Table 3-1 shows how optical networking line speeds increase.
As you can see, the speed rates in optical networks (not to mention their development) are increasing at an amazing velocity. Thanks to dense wavelength division multiplexing (DWDM) optical bandwidth will only increase, because more than one stream of data can be introduced on a single run of fiber. More on that in a moment.
There are two prevalent technologies in the world of optical routing: SONET and DWDM. SONET is the oldest and most popular technology, while DWDM is somewhat of a new kid on the block, but supports capacities much greater than SONET. Let's examine these technologies in a little more depth.
SONET The most basic and popular architecture for an optical network is the Synchronous Optical Network (SONET).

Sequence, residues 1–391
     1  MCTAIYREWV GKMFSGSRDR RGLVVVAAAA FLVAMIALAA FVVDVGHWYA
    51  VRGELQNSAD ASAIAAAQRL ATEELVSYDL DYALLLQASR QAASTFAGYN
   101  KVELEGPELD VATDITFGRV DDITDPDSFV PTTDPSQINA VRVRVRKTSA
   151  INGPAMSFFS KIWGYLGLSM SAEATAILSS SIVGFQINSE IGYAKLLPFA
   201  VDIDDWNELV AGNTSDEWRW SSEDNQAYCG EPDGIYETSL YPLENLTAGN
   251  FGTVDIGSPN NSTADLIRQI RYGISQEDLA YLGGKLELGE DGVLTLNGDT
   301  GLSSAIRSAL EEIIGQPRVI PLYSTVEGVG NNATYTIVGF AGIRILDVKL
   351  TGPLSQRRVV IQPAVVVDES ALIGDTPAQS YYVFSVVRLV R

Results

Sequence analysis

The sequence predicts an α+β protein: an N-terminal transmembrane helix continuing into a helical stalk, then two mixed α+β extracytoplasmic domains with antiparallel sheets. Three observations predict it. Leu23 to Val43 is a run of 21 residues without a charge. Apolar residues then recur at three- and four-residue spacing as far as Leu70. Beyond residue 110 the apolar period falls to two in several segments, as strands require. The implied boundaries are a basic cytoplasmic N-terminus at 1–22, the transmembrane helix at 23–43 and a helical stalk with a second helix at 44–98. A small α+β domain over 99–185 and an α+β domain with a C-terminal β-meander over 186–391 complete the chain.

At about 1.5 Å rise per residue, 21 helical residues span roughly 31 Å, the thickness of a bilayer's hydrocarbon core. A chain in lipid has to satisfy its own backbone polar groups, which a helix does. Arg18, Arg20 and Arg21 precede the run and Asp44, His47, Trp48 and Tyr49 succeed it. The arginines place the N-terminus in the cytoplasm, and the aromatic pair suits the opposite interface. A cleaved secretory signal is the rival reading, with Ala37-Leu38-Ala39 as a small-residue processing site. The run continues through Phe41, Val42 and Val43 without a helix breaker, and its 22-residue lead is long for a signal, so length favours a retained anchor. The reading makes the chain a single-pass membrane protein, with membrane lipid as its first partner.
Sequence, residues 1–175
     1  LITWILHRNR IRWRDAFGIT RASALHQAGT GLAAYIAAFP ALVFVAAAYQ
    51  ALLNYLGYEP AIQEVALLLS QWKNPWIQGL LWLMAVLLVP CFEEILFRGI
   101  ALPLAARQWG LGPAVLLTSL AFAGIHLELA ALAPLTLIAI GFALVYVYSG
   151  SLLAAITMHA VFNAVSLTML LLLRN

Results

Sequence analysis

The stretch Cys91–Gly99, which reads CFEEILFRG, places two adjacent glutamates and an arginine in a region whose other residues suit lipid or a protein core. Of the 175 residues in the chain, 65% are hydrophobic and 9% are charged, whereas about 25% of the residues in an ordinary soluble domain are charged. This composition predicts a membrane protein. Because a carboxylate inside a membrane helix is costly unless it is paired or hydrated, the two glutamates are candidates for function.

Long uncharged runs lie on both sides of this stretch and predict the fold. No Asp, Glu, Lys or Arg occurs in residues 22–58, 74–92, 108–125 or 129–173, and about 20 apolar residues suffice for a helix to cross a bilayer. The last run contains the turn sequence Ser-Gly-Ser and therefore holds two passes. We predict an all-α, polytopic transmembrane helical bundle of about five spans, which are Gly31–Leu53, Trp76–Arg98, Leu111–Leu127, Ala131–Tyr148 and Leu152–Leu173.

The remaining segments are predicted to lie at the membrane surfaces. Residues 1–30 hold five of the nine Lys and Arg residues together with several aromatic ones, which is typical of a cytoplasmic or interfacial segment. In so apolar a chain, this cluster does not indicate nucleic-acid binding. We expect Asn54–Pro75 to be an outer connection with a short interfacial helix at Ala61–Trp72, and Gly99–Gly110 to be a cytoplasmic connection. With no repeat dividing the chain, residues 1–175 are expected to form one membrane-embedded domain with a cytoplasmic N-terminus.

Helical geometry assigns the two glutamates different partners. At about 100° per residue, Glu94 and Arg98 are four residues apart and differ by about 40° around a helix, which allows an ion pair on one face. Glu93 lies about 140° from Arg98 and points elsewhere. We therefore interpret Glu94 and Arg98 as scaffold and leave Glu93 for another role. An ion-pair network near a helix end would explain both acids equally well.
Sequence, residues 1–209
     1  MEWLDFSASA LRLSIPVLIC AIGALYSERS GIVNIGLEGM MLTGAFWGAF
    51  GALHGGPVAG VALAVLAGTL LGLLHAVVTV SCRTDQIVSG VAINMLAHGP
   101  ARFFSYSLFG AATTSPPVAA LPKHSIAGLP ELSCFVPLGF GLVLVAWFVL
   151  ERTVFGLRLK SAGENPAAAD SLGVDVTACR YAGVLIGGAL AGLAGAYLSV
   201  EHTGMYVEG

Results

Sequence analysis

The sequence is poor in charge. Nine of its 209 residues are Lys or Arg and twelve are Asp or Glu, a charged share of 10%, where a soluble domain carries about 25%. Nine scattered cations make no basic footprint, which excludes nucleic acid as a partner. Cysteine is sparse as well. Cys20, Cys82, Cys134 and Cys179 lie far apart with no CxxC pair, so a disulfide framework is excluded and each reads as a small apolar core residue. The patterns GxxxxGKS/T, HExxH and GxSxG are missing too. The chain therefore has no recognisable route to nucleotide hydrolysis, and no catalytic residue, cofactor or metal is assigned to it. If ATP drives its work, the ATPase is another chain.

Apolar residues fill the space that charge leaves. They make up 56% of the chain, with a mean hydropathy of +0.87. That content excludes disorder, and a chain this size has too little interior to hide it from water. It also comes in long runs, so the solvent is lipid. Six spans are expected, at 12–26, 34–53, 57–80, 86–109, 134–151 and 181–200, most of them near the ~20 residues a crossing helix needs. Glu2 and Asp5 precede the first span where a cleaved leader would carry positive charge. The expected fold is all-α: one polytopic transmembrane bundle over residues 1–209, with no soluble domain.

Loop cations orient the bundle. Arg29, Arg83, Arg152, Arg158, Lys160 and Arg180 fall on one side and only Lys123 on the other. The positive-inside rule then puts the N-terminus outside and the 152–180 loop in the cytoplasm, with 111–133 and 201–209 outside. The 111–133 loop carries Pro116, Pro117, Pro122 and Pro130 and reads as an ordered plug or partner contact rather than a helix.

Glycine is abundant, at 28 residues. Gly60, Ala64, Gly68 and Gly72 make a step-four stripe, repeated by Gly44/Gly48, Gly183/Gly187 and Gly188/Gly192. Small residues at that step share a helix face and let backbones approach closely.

SONET is a standard for optical telecommunications transport developed by the Exchange Carriers Standards Association (ECSA) for the American National Standards Institute (ANSI), the body that sets industry standards in the United States for telecommunications and other industries. The comprehensive SONET standard is expected to provide the transport infrastructure for worldwide telecommunications for at least the next two or three decades.
In Europe, SONET is known by another acronym, SDH, which is short for Synchronous Digital Hierarchy.
SONET is so speedy that you could transmit an entire 650-MB CD-ROM from New York to Seattle in less than one second. Not only is SONET fast, but it's also rather versatile. Voice calls from one office to another can be multiplexed along with data and fired out across the same fiber. Furthermore, because of the generous bandwidth SONET affords, compression and encapsulation into Internet Protocol (IP) packets is unnecessary. For comparison's sake, a single OC-3 connection can carry more than 2,000 simultaneous voice calls. In addition, all types of data can be multiplexed alongside the calls.
SONET offers a top-end bandwidth of OC-768 (39.813 Gbps) and can carry a diverse range of information. In addition to high speeds, SONET features bit-error rates of one error in 10 billion bits. Compare this with copper transmission methods that have biterror rates of one error in 1 million bits.